It became clear that given the timeframe and given the process, the way the thing was going, it became clear that working with Larry in this way was going to get us where we needed to be and when we needed to be.  That doesn’t preclude working with Michael again in the future at all.  I couldn’t say enough good things about him.  He’s really, just obviously, one of the smartest guys and one of the best writers around.

When you look at Fringe, and when you look at Almost Human, you guys have collaborated on some pretty amazing television.  What would you guys say makes it such a fruitful relationship and such a fruitful partnership between the two of you?

Joel Wyman: I think it’s my singing voice. 

J.J. Abrams: I think I have to agree with Joel.  I think that the fun of working with someone who loves the ‘what if’ and is able to imagine situations and characters that make you laugh as much as it makes you squirm because the ideas are so close to what’s possible.  On Fringe, as crazy as things were, and it got pretty crazy, they were so often things that felt like, God, that just seems like something that might be happening right now.  Then almost invariably you’d read about something within weeks or months that proved that out.  It’s always been fun working with Joel and Almost Human is no different.

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What do you see is the key to Michael Ealy’s performance and what did you make of Maureen Dowd comparing the character to President Obama? 

J.J. Abrams: It was an honor to have Ms. Dowd reference Almost Human in her column.  While the comparison is hers to make, I do think that what Michael Ealy brings to this role is an incredible sense of thoughtfulness and compassion and he is playing a character who is, by design, literally, as brave and as knowledgeable and strategic as you would want your partner to be if you were riding along as a cop.  

But he’s also as altruistic and as considerate and empathetic as you would want.  I think what Michael brings is that kind of depth, that kind of comedy and humanity.  The title Almost Human, of course, applies to both Karl and Michael’s characters.  I think that the idea when Joel pitched it was always that Dorian, this synthetic cop, was in many ways more human than his partner.

John actually isn’t completely human; he has the leg.  Does he grapple with the fact that he is what he sort of doesn’t like?

Joel Wyman: Yes.  That’s a very large part of his character, because at the root of it, he’s a little bit worried about the advancement of technology and where that’s led humanity and what the world looks like with this onslaught of new developments and unchecked growth with technology.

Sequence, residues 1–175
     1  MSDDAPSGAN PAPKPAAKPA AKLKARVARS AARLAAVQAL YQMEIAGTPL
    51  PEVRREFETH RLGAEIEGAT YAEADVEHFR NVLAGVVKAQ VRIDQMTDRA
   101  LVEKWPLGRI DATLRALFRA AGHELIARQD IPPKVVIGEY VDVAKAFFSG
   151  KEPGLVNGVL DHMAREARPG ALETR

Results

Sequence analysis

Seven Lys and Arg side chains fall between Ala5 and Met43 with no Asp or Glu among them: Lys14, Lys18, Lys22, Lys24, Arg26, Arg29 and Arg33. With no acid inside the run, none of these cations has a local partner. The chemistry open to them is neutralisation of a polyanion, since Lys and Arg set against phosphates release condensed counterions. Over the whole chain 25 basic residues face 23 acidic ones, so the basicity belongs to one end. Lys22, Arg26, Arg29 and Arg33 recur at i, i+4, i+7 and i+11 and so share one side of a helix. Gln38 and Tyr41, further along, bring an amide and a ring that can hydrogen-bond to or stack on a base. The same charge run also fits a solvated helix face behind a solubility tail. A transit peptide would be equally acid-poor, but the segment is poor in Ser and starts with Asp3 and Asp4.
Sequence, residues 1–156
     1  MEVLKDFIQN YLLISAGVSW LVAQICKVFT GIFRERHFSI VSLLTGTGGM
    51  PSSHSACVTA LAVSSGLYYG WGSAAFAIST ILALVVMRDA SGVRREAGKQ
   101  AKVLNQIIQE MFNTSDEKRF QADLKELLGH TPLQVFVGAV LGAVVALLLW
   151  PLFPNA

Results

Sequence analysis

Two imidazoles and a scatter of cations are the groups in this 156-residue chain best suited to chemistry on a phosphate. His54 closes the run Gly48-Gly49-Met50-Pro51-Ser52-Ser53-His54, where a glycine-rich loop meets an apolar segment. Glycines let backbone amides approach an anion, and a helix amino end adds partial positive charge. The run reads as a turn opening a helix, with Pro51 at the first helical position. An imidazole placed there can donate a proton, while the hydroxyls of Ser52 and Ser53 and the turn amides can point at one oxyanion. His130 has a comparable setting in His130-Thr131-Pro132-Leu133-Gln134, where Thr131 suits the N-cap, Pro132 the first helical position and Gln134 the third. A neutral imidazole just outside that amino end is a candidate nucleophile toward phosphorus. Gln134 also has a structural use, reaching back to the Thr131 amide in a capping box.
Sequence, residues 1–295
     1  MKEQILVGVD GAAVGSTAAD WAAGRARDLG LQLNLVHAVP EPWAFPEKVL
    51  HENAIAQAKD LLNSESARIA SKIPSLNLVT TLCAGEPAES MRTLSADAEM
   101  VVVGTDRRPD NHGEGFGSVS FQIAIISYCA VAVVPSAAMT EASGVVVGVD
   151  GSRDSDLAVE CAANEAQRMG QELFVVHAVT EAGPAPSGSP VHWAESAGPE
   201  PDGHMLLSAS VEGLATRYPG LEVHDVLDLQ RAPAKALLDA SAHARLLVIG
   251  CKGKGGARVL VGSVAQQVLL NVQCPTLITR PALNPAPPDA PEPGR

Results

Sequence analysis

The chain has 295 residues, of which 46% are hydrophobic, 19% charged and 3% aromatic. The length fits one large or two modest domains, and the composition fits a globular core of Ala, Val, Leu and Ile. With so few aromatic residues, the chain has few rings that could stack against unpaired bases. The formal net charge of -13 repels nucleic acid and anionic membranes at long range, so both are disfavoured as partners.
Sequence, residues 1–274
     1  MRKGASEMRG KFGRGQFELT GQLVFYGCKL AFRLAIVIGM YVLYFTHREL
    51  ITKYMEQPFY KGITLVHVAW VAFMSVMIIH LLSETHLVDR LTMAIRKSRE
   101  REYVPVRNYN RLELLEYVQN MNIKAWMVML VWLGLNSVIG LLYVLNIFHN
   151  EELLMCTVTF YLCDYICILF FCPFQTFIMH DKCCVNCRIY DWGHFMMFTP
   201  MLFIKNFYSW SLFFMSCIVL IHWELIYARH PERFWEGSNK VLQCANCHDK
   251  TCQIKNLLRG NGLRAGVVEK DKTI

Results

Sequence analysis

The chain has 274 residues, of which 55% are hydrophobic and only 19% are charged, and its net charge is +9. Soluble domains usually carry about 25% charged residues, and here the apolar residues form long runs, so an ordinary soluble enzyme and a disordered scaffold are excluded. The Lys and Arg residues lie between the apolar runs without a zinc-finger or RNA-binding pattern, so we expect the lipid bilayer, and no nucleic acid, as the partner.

He feels, while he appreciates technology, such as things like the new bulletproof vests or better weapons for the police, he still has a problem with the line between humanity and robotics, or synthetics.  He looks at that and is forced to kind of deal with the idea that his well-being now depends on this technology that he sometimes holds with a sense of contempt.  That’s the journey for him, is that he’s starting to realize it’s not the technology that’s bad; it’s how you use it.

It appears that there are so many options for storytellers to tell stories, like networks or Netflix and Amazon now, that it would be hard to figure out where something should go because there are so many wonderful places for it to be.  How does that affect the way that you are fleshing out ideas like Almost Human and the ones that are coming after it?

Joel Wyman: Basically, for us, the idea – we had done Fringe; it was on Fox.  We had great partners there.  It was just the idea itself; just inherently seemed like it was a really big, fun, exciting idea that was a very popcorn idea.  We wanted to get away from – I mean Fringe had certain elements of it that were much more serious and contemplative.  We thought it’d be really, really fun to have something that was really big and bombastic. 

I think the network model right now really promotes those kinds of ideas, something that is big and more popcorn-y, something that could be definitely an action-oriented program.  We were in a great position.  Then, luckily and fortunately on Fringe, with our partners at Warner Brothers and Fox, and we decided to continue the relationship.  For us it was no brainer to keep the show exactly where we were.